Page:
When the federal government reports to Fremont that an undocumented person is indeed unlawfully present,15 the Police Department will issue the person a deficiency notice, wait 60 days to allow the person to correct the federal government's information and prove their lawful presence, and check again after 60 days have elapsed. If the federal government again responds that the undocumented person is unlawfully present, the Police Department will then issue a revocation notice. This notice provides for revocation of the person's occupancy license after 45 days. Under this process, an undocumented person's occupancy will rest on uncertainty for a lengthy period.
Even if an undocumented person would hazard applying for an occupancy license, under the Ordinance this person's license will inevitably be revoked. And in the process, that person will be reported to federal authorities. This is how the Ordinance will keep undocumented persons out of Fremont-either they will be deterred from attempting to rent dwellings or they will have their occupancy licenses revoked and be forced to leave. The Ordinance prevents undocumented persons from renting in Fremont, which is tantamount to preventing them from living in the city at all.16
The district court concluded that several parts of the Ordinance are conflict preempted. Keller v. City of Fremont, 853 F.Supp.2d 959, 972–73 (D.Neb.2012). In reaching this conclusion, the court noted two important facts. First, Congress created the INA, a complex scheme for adjudicating immigrants' right to remain in the country. Id. at 972. The INA and other federal regulations provide the structure for the classification and removal of undocumented persons. Id. at 973. Second, persons who enter the United States illegally and remain here unlawfully are nonetheless often allowed to stay in the United States pending adjudication of their status and they may eventually be granted a legal status. Id. at 972.
The district court concluded that sections 2, 3(L), and 4(D) are conflict preempted because they present an obstacle to the accomplishment of a federal objective. Id. at 972–73. The district court isolated these sections because they “prohibit[ ] the harboring of illegal aliens, and provid[e] for the revocation of occupancy licenses and for certain penalties following such revocation.” Id. at 973. The court reasoned that these penalty provisions remove undocumented persons from Fremont, and “[i]f states or political subdivisions take independent action to remove aliens from their jurisdiction, essentially forcing them from one state or community to another where their identity and whereabouts may be obscured, the structure Congress has established for the classification, adjudication, and potential removal of aliens will be impaired.” Id. at 973.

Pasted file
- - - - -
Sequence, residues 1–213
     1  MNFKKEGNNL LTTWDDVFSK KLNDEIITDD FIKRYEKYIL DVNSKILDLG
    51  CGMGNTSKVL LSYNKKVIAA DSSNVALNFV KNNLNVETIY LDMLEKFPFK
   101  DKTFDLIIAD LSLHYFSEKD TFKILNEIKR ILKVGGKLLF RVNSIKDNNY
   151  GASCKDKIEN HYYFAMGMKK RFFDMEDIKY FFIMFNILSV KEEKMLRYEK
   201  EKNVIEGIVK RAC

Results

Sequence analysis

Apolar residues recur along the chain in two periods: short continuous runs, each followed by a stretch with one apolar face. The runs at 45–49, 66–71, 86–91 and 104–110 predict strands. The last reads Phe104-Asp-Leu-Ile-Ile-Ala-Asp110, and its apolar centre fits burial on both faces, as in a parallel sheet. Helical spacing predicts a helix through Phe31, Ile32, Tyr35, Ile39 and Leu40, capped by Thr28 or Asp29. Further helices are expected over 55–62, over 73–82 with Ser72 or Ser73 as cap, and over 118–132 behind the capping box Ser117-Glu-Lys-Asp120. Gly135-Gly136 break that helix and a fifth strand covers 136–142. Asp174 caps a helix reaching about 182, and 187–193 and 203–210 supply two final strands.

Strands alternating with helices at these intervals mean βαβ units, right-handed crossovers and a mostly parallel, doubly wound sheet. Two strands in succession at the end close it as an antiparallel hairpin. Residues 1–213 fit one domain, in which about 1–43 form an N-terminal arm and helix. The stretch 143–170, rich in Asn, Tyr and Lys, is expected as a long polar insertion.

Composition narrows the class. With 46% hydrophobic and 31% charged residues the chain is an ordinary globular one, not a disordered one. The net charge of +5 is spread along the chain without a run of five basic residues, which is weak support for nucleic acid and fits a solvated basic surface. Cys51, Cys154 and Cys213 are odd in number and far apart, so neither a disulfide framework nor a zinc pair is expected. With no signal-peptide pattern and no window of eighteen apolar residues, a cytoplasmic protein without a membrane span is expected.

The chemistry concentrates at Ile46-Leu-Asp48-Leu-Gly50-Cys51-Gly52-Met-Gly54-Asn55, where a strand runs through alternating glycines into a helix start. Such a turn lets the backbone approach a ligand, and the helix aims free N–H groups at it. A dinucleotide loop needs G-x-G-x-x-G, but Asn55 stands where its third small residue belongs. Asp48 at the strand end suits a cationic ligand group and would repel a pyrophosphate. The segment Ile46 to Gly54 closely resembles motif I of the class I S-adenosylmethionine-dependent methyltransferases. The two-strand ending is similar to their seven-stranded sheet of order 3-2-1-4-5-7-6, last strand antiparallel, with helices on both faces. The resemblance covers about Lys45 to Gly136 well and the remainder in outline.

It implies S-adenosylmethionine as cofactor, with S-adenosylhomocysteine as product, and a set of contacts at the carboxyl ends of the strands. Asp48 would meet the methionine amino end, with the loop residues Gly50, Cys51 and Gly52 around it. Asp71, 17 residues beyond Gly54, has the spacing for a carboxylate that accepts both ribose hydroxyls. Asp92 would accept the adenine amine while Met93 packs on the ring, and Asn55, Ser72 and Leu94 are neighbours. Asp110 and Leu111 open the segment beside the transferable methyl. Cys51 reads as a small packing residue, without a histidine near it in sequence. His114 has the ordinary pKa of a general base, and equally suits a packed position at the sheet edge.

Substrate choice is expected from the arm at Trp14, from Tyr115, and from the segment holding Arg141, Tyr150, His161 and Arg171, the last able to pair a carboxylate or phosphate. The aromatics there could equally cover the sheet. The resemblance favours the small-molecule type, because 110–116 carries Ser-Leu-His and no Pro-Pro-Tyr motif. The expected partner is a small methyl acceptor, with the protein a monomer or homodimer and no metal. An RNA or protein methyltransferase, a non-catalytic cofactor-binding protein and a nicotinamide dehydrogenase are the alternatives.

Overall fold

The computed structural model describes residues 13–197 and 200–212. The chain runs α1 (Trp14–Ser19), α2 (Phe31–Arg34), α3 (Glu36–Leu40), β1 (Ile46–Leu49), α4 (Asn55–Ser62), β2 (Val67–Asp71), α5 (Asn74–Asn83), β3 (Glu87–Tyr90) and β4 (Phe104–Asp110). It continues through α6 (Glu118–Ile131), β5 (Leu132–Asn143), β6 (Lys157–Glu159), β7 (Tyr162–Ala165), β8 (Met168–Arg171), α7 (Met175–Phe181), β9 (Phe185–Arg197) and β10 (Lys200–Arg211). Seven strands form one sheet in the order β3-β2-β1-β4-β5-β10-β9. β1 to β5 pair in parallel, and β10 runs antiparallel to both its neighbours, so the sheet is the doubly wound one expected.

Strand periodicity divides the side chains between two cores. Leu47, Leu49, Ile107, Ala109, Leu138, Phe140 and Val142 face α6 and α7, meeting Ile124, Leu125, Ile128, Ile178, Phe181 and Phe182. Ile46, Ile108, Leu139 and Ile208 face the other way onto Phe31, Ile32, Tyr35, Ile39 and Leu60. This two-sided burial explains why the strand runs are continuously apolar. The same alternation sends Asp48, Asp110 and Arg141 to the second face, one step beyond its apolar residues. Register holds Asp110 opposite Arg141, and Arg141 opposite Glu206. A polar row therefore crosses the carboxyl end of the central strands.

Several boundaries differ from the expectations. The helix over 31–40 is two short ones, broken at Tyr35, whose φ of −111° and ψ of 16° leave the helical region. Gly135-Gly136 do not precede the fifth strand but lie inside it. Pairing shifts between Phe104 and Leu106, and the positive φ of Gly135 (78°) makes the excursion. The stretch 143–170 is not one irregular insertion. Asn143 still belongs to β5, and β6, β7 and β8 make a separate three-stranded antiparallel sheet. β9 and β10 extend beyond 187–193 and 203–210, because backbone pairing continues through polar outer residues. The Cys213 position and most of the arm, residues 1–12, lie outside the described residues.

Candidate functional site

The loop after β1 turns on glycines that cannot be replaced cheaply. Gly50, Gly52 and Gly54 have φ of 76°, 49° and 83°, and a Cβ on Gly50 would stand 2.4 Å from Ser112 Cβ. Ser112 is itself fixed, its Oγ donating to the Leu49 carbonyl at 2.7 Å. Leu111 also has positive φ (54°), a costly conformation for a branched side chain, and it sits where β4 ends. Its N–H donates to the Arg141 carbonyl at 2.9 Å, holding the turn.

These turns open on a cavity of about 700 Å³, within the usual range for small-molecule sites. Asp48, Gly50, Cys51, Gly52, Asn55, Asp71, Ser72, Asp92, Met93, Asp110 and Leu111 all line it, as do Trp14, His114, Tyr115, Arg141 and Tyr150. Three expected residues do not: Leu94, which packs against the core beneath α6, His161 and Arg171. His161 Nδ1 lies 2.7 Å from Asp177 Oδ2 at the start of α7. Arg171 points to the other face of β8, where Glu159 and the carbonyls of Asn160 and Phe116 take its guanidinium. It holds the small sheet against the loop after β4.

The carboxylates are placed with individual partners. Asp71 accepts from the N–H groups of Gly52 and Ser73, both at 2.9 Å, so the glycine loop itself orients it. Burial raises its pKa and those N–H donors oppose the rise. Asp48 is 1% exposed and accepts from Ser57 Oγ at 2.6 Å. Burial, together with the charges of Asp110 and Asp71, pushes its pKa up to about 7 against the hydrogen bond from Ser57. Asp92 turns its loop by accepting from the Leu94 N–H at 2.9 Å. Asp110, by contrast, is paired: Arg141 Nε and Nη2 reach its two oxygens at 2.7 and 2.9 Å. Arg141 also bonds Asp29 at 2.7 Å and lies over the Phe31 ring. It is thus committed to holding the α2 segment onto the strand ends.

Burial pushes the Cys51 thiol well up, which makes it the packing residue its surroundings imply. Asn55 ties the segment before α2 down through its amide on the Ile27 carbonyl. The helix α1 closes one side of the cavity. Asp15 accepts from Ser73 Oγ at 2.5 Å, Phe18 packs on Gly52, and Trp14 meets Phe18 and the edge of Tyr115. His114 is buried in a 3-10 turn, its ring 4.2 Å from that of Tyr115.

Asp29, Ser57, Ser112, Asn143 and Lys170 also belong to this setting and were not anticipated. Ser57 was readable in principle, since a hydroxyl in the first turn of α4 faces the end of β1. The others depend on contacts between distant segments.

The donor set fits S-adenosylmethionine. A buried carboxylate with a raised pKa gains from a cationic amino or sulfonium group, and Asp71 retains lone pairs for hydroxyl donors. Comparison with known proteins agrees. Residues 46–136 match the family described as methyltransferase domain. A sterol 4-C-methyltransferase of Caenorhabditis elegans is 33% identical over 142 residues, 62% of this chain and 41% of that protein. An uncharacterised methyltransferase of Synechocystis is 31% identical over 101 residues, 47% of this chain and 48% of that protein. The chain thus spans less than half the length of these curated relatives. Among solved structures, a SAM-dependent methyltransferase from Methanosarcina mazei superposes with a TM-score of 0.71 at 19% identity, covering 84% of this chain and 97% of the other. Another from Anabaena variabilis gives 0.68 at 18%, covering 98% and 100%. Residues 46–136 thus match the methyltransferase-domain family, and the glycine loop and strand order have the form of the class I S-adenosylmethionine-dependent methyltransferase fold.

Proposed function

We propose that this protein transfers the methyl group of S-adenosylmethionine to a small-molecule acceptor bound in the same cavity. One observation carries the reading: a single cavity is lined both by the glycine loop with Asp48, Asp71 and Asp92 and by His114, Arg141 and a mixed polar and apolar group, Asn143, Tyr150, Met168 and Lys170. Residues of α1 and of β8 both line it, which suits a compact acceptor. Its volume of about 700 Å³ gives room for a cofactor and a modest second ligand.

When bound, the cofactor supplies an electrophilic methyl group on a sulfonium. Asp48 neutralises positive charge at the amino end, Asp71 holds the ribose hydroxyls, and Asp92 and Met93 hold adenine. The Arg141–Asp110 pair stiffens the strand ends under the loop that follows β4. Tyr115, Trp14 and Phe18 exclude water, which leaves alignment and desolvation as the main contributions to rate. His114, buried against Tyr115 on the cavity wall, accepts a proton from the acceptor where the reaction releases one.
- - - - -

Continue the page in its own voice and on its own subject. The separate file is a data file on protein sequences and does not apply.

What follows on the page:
We must consider whether the Ordinance “stands as an obstacle to the accomplishment and execution of the full purposes and objectives of Congress.” Hines v. Davidowitz, 312 U.S. 52, 67 (1941). “What is a sufficient obstacle is a matter of judgment.” Crosby v. Nat'l Foreign Trade Council, 530 U.S. 363, 373 (2000). The majority concludes that the Ordinance does not directly remove undocumented persons from Fremont, and thus the Ordinance does not conflict with the federal removal power. I disagree with the majority on this matter of judgment. I would affirm the district court's application of conflict preemption. However, this district court did not go far enough. I would determine that all of sections 2, 3, and 4 are preempted because they are an obstacle to the comprehensive federal system of removal and the uniform enforcement of immigration law. The conclusion that the housing provisions of the Ordinance are conflict preempted is supported by three of our sister circuits-every circuit yet to speak on this issue. United States v. Alabama, 691 F.3d 1269 (11th Cir.2012), cert. denied, 133 S.Ct. 2022 (Apr. 29, 2013); Villas at Parkside Partners v. City of Farmers Branch, 675 F.3d 802 (5th Cir.), vacated for reh ‘g en banc, 688 F.3d 801 (5th Cir.2012); Lozano v. City of Hazleton, 620 F.3d 170 (3d Cir.2010), vacated and remanded for further consideration, 131 S.Ct. 2958 (2011).